Further, two programs have been added for second tier beneficiaries who are not necessarily in cities but might benefit from myriad business opportunities.
Fazel Rahim, gender specialist with the office of program and project implementation (OPPD) of USAID, stresses that there is no “qualifying factor” for women to benefit from Promote.
“All the women from across the country can avail the benefits of this program but the resources will be available in the regional hubs,” says Mr. Rahim. “Once we provide enabling resources to the cohort group of women in these regional hubs, they can go all the way and help their sisters and do advocacy on their behalf.”
Fawzia Koofi, a member of parliament from Badakhshan, recently said the success of this program will be determined by its reach and whether it benefits women in far-flung districts and villages.
Mr. Duffy, however, does not agree with Ms. Koofi that the success of Promote depends on its reach.
“On the basis of feedback, we have made quite a few changes to the project since its launch and expanded it significantly but we certainly won’t be able to reach every village,” he says.
Meanwhile, the project has brought a big cheer to young and educated women in Afghanistan, who see it as a new chapter and a new beginning.
“It is indeed a path-breaking initiative that can positively impact the status of women in this country,” says Freshta Karim, a Kabul-based writer and activist. “I just hope the implementing agencies ensure transparency in the project because stakes are quite high.”
Staggering investment and the issue of transparency
The biggest and the most ominous threat to Afghanistan today does not come from terrorism or extremism, but from corruption. The country has consistently slipped in the Transparency International (TI) Index.
With the staggering sum of 216 million USD investment; there are concerns about the way money will be spent and how the implementing agencies will ensure transparency in the project.
Mr. Duffy says the high-profile public launch of the project late last year, which was also attended by President Ghani, has already created lot of eyes on them.
“We have been very open about what this program is and the aim is to show people we are committed to ensure transparency and welcome feedback,” he says.
“We have very robust monitoring processes in the mission and we will be using third party monitors to go out and make sure things are happening; we also have put in place our normal financial oversight processes; we will also have a committee of government officials and civil society members that will look at monitoring data to see what is going right and wrong,” adds Mr. Duffy.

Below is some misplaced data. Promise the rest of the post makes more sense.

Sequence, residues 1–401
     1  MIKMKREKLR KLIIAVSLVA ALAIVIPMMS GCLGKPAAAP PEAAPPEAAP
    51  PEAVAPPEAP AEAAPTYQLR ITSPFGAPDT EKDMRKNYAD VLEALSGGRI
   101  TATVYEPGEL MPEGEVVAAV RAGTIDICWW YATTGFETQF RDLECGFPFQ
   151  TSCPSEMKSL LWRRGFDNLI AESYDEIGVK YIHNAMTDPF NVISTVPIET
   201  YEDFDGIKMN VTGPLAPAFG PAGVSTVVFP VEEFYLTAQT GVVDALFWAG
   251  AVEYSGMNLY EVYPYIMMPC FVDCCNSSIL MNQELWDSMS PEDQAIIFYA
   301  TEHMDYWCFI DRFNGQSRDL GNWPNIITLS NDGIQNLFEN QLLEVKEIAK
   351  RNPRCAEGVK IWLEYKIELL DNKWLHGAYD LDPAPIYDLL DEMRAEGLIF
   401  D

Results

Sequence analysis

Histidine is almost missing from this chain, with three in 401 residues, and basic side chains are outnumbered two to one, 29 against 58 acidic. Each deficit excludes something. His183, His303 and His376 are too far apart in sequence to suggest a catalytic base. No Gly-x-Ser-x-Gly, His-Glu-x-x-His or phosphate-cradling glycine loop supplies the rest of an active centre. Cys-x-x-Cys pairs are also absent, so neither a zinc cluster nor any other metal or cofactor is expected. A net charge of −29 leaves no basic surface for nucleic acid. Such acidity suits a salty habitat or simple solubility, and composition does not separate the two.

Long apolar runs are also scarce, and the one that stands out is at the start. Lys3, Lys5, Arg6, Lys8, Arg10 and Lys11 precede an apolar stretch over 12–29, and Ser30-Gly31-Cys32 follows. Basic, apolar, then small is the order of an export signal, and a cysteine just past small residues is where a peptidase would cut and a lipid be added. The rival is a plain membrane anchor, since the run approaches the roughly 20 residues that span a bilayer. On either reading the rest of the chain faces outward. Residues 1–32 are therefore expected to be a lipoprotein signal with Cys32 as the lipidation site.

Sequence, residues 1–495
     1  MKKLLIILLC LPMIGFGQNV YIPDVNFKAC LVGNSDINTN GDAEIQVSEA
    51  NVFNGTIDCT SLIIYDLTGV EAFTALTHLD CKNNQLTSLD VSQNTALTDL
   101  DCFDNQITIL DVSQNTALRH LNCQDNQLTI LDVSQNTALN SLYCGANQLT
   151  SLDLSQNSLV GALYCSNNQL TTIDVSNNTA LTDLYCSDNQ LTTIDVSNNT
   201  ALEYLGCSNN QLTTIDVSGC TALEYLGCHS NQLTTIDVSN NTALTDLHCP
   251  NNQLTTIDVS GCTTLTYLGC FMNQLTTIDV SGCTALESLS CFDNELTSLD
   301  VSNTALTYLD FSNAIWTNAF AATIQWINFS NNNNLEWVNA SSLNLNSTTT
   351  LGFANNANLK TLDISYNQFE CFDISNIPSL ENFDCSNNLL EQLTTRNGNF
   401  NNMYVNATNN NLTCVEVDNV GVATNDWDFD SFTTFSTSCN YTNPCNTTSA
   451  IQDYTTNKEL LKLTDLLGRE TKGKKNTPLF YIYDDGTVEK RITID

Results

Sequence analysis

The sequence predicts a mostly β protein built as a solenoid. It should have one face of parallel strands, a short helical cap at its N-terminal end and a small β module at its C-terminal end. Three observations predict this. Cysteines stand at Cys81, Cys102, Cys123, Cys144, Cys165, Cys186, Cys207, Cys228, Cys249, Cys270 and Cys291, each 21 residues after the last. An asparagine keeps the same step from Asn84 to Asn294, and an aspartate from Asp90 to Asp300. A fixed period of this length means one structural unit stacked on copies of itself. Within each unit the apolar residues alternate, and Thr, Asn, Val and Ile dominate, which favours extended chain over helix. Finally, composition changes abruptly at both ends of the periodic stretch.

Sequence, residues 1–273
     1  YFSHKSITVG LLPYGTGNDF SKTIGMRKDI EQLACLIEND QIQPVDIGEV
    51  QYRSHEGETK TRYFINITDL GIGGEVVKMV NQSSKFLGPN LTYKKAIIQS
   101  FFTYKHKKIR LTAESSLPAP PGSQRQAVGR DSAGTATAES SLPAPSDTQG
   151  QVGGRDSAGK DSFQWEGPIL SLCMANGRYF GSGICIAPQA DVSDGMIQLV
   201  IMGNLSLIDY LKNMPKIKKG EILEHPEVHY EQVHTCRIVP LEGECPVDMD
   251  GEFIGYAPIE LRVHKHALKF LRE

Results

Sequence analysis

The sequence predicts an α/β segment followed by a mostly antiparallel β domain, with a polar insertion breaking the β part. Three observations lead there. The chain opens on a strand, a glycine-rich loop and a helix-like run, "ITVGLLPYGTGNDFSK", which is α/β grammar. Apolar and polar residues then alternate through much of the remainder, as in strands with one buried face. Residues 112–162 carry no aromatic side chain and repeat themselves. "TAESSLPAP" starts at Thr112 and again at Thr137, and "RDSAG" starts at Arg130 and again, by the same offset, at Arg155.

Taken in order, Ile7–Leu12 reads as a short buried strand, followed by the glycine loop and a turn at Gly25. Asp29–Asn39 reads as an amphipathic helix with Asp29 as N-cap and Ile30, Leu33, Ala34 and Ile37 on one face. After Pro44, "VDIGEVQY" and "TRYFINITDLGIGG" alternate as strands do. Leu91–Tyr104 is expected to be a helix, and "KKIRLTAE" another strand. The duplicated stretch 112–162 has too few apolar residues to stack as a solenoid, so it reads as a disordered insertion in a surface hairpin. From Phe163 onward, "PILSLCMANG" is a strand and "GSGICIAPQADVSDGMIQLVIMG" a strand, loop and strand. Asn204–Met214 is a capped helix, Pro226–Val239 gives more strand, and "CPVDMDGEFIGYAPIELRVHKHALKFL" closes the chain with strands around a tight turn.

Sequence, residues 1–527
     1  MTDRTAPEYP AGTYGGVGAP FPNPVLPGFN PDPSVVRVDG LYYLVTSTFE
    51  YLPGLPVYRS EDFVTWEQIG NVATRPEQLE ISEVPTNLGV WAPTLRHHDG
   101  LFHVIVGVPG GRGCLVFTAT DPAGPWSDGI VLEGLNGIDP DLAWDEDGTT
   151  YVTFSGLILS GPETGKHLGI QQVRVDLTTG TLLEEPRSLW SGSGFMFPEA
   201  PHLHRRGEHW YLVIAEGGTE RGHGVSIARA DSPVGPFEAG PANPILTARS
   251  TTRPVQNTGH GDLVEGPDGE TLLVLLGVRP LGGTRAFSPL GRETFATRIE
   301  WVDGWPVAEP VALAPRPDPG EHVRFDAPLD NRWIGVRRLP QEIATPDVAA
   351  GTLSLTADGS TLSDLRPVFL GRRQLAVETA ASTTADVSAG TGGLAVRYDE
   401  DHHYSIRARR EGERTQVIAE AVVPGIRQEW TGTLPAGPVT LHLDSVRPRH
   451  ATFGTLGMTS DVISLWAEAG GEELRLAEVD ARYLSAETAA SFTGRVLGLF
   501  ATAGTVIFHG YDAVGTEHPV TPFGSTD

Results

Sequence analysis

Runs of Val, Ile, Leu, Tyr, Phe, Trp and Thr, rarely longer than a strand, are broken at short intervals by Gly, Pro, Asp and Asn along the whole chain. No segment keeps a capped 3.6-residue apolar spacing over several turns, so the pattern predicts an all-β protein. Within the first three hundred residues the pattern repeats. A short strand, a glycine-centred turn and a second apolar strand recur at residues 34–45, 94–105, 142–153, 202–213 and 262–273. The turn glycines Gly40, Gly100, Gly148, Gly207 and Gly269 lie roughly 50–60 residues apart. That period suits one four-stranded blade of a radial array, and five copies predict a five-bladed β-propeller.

Besides a senior advisory committee at the higher level, there would also be technical advisory committees under each component of the project, says Mr. Rahim. These committees would be looking into the technical aspects of the project.
At the provincial level, the ministries of women’s affairs and education would be engaged to select the beneficiaries of the project, depending on the nature of each component.
“USAID will also be involving local celebrities to raise awareness about the project. Every single Afghan must know about the project and the opportunities it offers them,” says Mr. Rahim.
Other international donors are also supposed to contribute an additional 200 million USD to help expand the program, but the details are not clear yet.
The idea, according to Mr. Duffy, was to create a room for other interested donors to participate in this project without creating other parallel programs.
“But, as of now, we don’t have any additional donors,” he says.
Political participation and decision-making process
One of the main goals of this program is to increase the political participation of women and ensure they are represented at the highest levels of policy and decision-making in Afghan government.
This component called ‘Women in Leadership’ seeks to facilitate women’s entry into government service, encourage policy reform within the government; increase support for women in government; establish an internship and fellowship program for female students who intend to work with ministries.
“This component of the program will essentially help women in Afghanistan become leaders and torchbearers,” says Dr. Latifa Majidi, gender specialist with the office of program and project implementation (OPPD) of USAID.
“We intend to help women in civil society organizations present themselves better before people with proper documentation and convincing plans; we also intend to help women in government departments by developing their capacity so that they can rise to higher positions,” says Dr. Majidi.